The Harkey Mills sandstone is adding new-well inventory to northern Delaware Basin operators’ portfolios, showing production just as prolific as its stratigraphic neighbors, the Bone Spring and Wolfcamp.

Sitting between the second and third Bone Spring, overlying the Wolfcamp, the “low-stand submarine fan deposit” has seen laterals dating back more than a decade, according to Marshall D. Davis, whose master’s thesis in 2014 was based on the Harkey.

“We love the Harkey,” Tom Jorden, Coterra Energy chairman, CEO and president, told securities analysts this spring. The development approach to it in its Culberson County, Texas, leasehold is “variable,” he added. “It’s not a ‘one size fits all.’ So, around the basin, it’s going to vary.

“But in a lot of our position, it competes very nicely with Wolfcamp.”

Coterra is landing Harkey wells as it continues to examine how to develop it. “We’ve got a lot of Harkey in our program,” he said. “I think we’ll continue with that. And it depends on where you are. There are places where it’s right on top of the Wolfcamp; there are places where it’s a little lower than the Wolfcamp.

“But it’s one of the best landing zones in the basin. I’ll say that flat out.”

Davis wrote his thesis, “Petroleum Geology of the Leonardian Age, Harkey Mills Sandstone: A New Horizontal Target in the Permian Bone Spring Formation, Eddy and Lea Counties, Southeast New Mexico,” while studying at the University of Texas at Arlington. He was working at the Bass family’s Bopco LP at the time and cited its data in his research. Exxon Mobil purchased Bopco for $6.6 billion in cash and stock in 2017, gaining 275,000 acres, with 250,000 of those in the Permian.

Davis reported that four horizontals in the Harkey in Eddy County produced 176,000 bbl of oil and 708 Mcf combined during three years online.

As to interference, Jorden told analysts in other, recent calls that “when it comes to the Wolfcamp and Harkey, we generally see that as one petroleum system.”

Thus, there will be some communication. “But we do not see that as a factor that degrades overall well productivity.”

Findings to date are that “having the two landing zones does not interrupt or impede your overall recovery out of that drilling spacing unit. So, we don’t see that as a significant issue for the Wolfcamp/Harkey.”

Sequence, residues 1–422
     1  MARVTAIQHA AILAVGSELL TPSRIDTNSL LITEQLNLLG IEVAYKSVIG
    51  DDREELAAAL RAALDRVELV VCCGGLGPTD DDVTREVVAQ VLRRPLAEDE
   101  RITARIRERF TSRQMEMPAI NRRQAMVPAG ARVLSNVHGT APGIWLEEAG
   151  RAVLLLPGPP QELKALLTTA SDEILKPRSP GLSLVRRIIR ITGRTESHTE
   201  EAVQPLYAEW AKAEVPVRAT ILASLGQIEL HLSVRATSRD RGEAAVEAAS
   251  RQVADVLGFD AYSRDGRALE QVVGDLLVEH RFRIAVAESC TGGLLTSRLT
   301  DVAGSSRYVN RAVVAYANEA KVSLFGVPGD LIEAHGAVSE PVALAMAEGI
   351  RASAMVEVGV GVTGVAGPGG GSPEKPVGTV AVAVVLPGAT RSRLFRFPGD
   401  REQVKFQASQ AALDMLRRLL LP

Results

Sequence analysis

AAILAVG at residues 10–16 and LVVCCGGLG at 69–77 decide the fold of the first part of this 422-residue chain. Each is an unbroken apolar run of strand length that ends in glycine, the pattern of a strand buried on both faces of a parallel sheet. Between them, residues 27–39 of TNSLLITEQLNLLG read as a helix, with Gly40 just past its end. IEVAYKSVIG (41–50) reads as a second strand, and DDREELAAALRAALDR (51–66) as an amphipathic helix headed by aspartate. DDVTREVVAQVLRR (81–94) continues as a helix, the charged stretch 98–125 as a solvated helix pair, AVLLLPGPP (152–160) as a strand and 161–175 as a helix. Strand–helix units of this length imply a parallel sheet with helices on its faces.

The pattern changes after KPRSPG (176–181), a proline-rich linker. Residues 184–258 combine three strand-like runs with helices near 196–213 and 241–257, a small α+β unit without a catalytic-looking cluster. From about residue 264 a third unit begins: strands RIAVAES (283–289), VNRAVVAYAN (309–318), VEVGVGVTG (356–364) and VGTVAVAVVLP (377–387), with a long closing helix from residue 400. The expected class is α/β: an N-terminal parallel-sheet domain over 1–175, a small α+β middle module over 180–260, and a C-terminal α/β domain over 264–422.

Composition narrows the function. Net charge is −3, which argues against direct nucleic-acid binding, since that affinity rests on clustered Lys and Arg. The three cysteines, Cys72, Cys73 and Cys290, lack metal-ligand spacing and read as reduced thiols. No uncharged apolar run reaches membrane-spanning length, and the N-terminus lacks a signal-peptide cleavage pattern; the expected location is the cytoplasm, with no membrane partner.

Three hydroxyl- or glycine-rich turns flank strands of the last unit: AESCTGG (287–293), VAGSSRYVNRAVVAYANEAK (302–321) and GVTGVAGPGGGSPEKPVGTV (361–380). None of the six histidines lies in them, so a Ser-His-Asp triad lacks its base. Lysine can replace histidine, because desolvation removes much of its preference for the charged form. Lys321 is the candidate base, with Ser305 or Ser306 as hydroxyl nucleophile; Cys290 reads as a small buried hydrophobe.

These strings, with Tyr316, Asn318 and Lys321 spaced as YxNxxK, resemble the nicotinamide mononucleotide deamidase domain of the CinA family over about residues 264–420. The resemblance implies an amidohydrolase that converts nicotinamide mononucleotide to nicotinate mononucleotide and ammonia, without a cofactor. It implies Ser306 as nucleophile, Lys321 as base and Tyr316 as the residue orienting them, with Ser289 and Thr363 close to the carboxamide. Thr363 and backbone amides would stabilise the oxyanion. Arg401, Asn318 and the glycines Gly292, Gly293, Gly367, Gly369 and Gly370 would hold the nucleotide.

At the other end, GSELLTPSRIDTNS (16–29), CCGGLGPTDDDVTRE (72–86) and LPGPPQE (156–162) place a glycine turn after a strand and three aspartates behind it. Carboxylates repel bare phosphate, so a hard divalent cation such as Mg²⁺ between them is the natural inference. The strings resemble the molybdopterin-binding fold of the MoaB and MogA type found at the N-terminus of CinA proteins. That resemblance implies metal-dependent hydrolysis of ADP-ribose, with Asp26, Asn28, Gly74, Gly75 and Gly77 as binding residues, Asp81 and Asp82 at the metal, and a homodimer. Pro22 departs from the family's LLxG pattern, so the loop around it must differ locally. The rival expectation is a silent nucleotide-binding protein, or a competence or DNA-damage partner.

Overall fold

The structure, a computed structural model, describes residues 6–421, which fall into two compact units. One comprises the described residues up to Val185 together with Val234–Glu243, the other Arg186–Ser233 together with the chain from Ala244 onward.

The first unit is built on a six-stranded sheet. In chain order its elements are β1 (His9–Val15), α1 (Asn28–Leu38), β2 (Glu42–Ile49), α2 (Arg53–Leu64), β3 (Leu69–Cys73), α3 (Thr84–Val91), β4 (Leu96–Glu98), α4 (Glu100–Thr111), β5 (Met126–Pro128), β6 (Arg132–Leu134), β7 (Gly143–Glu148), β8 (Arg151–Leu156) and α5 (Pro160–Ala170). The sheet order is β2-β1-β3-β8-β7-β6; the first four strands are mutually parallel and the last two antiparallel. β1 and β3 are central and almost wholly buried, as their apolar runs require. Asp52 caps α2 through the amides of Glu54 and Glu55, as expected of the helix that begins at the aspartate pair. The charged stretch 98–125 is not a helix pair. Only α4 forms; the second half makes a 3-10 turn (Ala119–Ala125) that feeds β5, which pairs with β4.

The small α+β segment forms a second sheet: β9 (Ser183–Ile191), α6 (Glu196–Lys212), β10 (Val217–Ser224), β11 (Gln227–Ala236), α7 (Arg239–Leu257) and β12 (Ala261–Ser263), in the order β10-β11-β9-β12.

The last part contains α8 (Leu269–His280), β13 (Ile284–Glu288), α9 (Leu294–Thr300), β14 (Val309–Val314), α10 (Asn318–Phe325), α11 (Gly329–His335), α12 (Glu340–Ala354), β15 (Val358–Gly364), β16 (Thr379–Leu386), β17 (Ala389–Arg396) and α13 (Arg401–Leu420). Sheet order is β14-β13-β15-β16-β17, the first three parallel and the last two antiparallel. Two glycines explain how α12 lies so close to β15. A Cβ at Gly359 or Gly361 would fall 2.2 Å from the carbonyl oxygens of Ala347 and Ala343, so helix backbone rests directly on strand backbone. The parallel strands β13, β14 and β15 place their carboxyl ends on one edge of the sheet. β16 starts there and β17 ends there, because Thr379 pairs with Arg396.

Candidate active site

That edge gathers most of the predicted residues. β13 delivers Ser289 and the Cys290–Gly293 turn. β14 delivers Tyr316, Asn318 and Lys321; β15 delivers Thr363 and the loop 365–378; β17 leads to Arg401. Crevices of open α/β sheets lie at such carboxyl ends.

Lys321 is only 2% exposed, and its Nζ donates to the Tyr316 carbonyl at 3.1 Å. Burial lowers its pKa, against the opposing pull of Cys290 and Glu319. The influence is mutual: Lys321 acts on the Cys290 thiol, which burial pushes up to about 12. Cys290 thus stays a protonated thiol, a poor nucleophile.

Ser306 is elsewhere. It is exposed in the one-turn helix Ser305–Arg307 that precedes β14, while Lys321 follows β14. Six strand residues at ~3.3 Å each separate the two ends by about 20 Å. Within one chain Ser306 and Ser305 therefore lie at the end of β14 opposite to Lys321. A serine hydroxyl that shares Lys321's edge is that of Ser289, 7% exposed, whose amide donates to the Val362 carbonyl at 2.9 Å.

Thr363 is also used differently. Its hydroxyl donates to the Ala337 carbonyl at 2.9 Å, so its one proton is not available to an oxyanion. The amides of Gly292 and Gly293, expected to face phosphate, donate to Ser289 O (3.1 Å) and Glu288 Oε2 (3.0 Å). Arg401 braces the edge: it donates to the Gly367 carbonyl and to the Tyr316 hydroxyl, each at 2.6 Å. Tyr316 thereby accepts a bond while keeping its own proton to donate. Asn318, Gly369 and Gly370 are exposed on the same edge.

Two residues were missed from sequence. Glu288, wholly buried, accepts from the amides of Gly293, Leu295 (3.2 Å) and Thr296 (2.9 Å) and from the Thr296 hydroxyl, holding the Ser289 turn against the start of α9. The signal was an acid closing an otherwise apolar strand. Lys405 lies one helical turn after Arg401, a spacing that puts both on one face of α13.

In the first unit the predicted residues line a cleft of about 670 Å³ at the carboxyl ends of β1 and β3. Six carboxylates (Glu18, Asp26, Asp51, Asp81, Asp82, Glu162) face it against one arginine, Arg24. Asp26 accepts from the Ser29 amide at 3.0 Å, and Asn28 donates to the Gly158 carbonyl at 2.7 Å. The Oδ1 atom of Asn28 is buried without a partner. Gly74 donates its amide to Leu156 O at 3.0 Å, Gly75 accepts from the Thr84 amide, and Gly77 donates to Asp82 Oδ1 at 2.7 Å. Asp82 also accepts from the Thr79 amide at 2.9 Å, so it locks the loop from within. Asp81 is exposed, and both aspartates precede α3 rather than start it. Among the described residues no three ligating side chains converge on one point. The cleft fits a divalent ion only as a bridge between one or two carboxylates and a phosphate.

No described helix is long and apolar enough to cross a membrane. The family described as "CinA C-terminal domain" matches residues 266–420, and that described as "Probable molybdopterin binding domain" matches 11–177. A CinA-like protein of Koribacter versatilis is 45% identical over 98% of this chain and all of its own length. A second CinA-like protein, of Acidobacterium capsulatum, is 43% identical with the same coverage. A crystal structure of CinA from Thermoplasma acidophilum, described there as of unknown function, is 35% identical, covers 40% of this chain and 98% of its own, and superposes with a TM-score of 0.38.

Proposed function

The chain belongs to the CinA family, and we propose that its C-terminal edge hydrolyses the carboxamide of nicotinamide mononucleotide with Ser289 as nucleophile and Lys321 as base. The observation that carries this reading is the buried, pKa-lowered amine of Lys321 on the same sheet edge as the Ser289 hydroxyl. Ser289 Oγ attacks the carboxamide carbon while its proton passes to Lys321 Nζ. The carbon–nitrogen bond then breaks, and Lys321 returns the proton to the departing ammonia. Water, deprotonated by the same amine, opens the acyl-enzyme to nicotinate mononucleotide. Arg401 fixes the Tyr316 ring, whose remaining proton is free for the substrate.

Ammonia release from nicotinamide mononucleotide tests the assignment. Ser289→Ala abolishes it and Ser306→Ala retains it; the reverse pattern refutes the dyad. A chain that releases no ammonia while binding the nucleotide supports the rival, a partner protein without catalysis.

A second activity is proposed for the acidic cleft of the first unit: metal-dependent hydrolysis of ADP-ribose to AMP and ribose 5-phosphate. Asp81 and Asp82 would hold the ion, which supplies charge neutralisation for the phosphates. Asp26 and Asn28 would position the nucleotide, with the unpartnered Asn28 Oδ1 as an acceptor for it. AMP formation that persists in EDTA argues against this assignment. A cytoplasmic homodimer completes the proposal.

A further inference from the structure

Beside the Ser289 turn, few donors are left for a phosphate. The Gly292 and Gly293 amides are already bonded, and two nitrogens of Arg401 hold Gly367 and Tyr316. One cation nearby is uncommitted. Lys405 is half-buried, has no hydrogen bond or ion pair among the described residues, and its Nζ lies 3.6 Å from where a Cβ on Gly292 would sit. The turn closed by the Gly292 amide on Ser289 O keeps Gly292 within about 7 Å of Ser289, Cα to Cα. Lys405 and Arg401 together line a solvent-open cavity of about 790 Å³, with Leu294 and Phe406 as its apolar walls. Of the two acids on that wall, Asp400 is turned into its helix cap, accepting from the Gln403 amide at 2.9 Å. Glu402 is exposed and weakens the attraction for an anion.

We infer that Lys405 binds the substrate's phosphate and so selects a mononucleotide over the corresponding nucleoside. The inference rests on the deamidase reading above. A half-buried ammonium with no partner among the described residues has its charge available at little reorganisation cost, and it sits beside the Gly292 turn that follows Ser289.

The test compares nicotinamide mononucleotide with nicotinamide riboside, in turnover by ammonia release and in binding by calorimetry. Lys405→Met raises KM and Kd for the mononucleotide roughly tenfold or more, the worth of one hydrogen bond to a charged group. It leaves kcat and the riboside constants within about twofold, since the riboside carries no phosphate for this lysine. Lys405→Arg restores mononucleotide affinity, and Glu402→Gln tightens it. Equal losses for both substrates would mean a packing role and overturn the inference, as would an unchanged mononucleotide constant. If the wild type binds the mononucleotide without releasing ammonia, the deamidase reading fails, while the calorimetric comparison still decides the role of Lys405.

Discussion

Erin Faulkner, an Enverus analyst, reported in April that Coterra’s 2022 Harkey/Wolfcamp test consisted of four in Harkey on 1,320-foot spacing with eight in the upper Wolfcamp on 700-foot spacing.

“The company was pleased with the results and anticipates that future Wolfcamp/Harkey co-developments with 10,100-foot laterals will pay out in six months at $75 [oil] and $3.50 [gas].”

A Coterra test that’s expected to come online later this year consists of nine Wolfcamp wells and four Harkey, she added.

Jorden told analysts that “the Harkey is excellent compared to the Wolfcamp. I mean, they’re neck and neck.”

He added, “If you had to choose between really great Wolfcamp A or Harkey, it’d be like asking which one of your kids you like best. It’s a really tough choice.”

Overall, the Harkey may add about five years to Coterra’s top-tier inventory. “Harkey is terrific,” Jorden said. “… Harkey stands shoulder to shoulder with the best of our landing zones. And we think we have a lot to do in the upcoming years.”

Earthstone Energy is also landing in Harkey, it reported. Two wells in Lea County, N.M., averaged some 1,600 boe/d each, 87% oil, in their first 24 days online from 7,500-foot laterals. It expected payout within four months from first production.

Randy Nickerson, Caza Petroleum’s COO, told Hart Energy in 2019 that Eddy County’s Harkey “is a little more highly oil saturated than the other [zones].

“I think you’re going to see that’s going to be a new bench out there that people are going to start building. There are some older wells on it that maybe discourage people, but it’s a pretty good zone.”

Davis’ analysis of 625 old, vertical wells found “the best reservoir rock occurs within the apex of turbidite channel deposits proximal to the slope fan.” Net thickness is up to 80 feet; porosity, at least 8%.